A woolly head of dreadlocks, old dirty brown trousers tucked into large gumboots and wheelbarrow loaded with all sorts of strange scavenged goods. If Rooiland Nangu walked past you on his regular route down Fitzroy Street, you would hardly believe that this man was wealthy. But he is.
At seventy seven years old Rooiland can regale any audience who can understand him with fascinating stories about his past. One of these stories is the tale of how he came to live where he does.
After working all over South Africa, Rooiland came to Grahamstown to work in a tannery for a man called Mr Mentz however there came a time when his employer chose to leave South Africa. On leaving the country, Mr Mentz left his cows, his land and the old tannery building to Rooiland.
In addition to this Mr Mentz left Rooiland a large amount of money in a bank account but Rooiland doesn’t trust banks and has decided to make do with his monthly pension grant without ever needing to use the money left to him. He is determined that when he dies the money and all his possessions will go to his five year old Andile, the youngest of seven children.
And so Rooiland lives from day to day, a rich man, making do on the bare minimum. While Rooiland busies himself with daily chores like tending to his cows, cooking, and fetching water, he is constantly on the lookout for thieves who vandalise and steal his property.
He blames his neighbouring relatives for this, saying that they are jealous of his good fortune however he maintains that he is not a rich man. He hides his money under rocks, his clothes in trees and after his monthly shopping trips is too afraid to keep his food in his house for fear of it getting stolen so he leaves it with a friend who lives on Fitzroy street and returns every week with plastic packets to take a little home for himself.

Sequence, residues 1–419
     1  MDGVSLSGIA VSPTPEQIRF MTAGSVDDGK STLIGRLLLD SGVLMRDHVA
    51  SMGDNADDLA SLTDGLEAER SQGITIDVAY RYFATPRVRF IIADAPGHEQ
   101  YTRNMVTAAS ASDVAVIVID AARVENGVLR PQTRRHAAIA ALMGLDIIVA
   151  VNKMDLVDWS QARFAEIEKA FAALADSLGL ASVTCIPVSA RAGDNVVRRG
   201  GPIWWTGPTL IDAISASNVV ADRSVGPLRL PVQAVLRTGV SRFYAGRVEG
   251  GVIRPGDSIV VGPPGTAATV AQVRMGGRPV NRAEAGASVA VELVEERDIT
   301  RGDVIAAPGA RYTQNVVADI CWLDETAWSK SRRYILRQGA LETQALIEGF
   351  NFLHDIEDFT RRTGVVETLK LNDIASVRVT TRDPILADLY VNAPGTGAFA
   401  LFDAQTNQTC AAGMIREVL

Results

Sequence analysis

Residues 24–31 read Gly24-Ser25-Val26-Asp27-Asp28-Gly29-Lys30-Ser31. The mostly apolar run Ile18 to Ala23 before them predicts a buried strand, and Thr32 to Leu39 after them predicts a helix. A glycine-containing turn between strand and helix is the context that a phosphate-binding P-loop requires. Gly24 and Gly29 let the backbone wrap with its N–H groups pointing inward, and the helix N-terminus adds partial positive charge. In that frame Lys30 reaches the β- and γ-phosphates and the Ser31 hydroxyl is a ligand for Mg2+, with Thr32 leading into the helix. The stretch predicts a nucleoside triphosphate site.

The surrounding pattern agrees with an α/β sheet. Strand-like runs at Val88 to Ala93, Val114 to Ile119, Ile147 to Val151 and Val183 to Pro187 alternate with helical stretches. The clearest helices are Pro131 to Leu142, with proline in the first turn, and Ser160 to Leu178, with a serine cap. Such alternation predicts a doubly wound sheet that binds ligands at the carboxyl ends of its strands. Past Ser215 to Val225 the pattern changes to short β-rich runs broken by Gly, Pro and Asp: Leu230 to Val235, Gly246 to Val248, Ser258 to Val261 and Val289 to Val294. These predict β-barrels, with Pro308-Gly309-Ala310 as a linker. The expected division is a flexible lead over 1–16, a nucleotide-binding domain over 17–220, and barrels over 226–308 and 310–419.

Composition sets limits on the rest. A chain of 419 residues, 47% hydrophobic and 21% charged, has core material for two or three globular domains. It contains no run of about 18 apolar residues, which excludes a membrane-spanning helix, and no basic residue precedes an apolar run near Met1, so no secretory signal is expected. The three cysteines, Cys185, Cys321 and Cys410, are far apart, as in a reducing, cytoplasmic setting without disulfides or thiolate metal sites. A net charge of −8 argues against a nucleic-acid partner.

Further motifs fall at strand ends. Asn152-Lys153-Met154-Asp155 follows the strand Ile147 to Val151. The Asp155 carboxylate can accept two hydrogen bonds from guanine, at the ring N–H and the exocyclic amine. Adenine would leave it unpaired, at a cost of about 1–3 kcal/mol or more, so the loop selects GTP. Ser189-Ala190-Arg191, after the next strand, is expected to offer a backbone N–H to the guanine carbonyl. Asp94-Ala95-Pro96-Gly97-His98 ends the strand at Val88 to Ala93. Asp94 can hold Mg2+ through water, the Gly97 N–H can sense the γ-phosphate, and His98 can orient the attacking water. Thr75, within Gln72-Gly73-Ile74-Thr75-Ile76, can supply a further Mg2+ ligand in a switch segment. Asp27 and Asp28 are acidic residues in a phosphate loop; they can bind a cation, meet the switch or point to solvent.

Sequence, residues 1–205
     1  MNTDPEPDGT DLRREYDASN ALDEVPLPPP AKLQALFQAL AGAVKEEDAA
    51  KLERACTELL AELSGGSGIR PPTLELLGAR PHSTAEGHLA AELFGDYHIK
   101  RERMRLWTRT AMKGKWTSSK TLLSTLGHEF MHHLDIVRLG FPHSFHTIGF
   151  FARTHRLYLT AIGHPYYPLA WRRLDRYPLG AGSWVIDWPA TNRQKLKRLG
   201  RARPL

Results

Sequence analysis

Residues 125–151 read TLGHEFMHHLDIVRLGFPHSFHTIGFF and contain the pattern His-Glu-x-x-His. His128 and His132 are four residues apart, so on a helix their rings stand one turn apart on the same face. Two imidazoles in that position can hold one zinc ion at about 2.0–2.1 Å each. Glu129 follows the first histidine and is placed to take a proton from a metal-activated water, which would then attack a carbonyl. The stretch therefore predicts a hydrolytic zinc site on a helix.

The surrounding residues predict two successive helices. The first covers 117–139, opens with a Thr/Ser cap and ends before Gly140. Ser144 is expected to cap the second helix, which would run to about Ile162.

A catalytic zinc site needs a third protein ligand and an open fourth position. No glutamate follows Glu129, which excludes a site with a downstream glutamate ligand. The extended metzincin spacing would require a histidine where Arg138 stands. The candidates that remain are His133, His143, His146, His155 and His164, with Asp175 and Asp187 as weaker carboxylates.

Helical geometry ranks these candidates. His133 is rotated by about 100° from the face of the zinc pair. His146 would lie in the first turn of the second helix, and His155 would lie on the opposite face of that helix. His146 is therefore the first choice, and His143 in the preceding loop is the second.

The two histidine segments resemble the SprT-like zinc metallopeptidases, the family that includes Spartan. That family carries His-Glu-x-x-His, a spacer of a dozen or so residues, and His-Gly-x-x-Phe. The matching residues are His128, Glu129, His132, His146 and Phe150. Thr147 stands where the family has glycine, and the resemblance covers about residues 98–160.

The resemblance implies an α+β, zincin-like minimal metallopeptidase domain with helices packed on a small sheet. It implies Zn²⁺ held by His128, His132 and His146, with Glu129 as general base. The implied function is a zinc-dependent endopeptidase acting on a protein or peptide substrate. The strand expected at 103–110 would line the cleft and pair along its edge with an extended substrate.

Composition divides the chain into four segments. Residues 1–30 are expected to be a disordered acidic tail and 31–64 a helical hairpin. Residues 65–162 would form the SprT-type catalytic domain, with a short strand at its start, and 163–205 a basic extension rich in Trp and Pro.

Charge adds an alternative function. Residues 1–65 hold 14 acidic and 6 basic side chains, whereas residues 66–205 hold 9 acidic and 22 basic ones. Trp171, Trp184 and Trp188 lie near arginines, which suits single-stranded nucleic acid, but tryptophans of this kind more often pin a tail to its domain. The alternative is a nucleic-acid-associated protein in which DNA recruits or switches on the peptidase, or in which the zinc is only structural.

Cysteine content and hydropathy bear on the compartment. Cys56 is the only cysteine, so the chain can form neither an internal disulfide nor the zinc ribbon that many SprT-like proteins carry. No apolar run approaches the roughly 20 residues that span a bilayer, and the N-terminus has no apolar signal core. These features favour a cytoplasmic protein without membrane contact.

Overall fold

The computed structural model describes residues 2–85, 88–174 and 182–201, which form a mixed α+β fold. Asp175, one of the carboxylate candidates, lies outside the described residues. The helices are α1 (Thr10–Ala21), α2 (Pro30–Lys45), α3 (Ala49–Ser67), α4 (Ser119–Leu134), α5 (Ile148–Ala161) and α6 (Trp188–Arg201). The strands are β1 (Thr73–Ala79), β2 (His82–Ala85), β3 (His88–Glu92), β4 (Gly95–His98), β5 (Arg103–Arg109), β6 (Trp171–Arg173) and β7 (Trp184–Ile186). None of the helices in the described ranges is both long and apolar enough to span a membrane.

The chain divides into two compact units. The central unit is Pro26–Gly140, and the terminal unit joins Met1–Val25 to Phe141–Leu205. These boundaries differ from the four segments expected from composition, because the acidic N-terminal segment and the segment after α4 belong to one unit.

While Rooiland is not poor, he lives in poverty because he cannot show his wealth for fear of his jealous neighbours. His property is not all that is threatened; his cattle and his dogs are constantly in danger. His large collection of dogs has shrunk to three. All the rest have been poisoned or disappeared because they wander around the area or else bark at night at intruders on Rooiland’s property.
It seems that when one man thrives and does well, those around him do not celebrate his good fortune but rather try to cut him down, do him wrong, and bring him back down to their level. The Chinese have an aphorism which states that "the tall poppy is cut down" and this is what can be seen in this neighbourhood. The problem seems not to be one of money but rather of a poverty mentality. Despite his spiteful neighbours and resulting paranoia, Rooiland keeps himself busy, happy and strong. “I am content. I am fresh like a fish in the water” he says, laughing.